Meanwhile, you can stay ahead of updates and follow the IRS coronavirus page where information about the taken measures helping Americans affected by the outbreak is published.

COVID19: Tax Residency Update

Australian expats who have had to come back to Australia because of the corona virus pandemic, should recognise what it may mean for their income tax position. 

The latest advice from the Australian Taxation Office on this issue can be found here

The ATO’s view is that if you are an Australian expat and you are temporarily in Australia for some weeks or months because of the corona virus, then you will not become an Australian resident for tax purposes as long as you live overseas and intend to return as soon as possible.

However, the ATO guidance acknowledges that tax residency issues can become more complicated if the non-resident ends up staying in Australia for lengthy periods or does not plan to return to their overseas country of residency.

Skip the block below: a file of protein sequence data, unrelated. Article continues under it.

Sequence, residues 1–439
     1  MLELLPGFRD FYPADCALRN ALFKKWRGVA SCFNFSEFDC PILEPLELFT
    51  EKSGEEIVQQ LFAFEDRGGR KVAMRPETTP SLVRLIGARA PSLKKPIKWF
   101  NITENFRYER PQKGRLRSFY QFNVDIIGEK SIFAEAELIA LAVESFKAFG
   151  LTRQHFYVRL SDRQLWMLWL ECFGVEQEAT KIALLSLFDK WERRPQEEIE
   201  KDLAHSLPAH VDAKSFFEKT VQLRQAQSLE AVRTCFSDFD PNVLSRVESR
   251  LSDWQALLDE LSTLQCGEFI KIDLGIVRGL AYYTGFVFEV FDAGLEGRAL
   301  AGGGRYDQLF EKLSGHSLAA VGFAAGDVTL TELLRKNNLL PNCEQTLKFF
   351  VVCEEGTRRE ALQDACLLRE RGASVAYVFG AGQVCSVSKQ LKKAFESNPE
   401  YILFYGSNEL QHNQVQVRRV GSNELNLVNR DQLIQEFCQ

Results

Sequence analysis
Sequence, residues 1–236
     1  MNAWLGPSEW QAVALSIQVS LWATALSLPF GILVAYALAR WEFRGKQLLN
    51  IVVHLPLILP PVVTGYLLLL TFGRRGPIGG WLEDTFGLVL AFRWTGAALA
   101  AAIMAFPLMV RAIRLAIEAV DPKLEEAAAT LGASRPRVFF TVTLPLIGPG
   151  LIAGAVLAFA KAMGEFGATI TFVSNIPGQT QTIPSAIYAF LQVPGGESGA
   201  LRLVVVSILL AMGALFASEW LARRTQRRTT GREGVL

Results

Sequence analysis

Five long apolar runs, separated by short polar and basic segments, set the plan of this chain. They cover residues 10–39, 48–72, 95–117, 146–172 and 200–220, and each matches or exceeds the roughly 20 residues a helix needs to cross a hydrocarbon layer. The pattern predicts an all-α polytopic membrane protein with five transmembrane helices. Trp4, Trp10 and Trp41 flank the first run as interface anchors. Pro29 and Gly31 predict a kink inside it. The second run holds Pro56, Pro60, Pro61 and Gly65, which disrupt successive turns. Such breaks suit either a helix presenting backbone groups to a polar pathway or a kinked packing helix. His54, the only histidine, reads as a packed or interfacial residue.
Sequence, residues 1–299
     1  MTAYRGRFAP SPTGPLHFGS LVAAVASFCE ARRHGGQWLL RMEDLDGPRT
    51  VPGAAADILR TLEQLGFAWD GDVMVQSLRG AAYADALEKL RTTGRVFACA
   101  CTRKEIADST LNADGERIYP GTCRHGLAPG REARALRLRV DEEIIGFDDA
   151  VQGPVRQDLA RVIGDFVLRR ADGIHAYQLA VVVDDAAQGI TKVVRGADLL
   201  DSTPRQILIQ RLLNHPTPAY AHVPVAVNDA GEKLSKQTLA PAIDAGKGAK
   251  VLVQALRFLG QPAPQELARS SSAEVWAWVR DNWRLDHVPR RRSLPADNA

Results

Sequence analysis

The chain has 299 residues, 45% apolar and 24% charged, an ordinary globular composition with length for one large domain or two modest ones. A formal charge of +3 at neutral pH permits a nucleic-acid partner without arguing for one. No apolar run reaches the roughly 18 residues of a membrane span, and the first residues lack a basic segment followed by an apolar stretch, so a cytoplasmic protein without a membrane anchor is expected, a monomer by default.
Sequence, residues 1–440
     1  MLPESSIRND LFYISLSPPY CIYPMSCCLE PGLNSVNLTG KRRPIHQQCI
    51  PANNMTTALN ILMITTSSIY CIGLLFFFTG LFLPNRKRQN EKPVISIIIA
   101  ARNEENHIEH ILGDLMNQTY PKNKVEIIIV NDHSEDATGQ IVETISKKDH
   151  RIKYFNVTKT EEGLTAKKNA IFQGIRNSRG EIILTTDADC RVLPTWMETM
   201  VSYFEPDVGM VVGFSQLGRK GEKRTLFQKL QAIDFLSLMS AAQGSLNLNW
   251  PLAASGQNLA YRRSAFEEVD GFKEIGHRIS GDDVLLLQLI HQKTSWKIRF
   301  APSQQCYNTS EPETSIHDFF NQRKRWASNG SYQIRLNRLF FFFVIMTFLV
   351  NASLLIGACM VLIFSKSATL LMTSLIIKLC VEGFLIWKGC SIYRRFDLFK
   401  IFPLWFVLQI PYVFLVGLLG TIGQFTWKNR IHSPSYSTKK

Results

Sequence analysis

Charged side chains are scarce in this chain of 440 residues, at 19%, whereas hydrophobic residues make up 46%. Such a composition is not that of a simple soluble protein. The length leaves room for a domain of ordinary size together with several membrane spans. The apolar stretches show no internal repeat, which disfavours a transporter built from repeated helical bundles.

The ATO guidance also acknowledges that there will be unique situations with a range of potential tax outcomes.

Even though we are in the midst of a crisis a number of far reaching implications will arise if a person incorrectly classifies themselves for tax residency purposes. 

These can range from not declaring income which has become taxable in Australia and also incorrectly calculating capital gains (or losses) if the incorrect tax residency date is chosen. 

The ATO will expect people to take advice and make reasonable enquiries in situations where they are not sure of their income tax status.

CST Tax Advisors can assist Australian expats with expert advice in this area.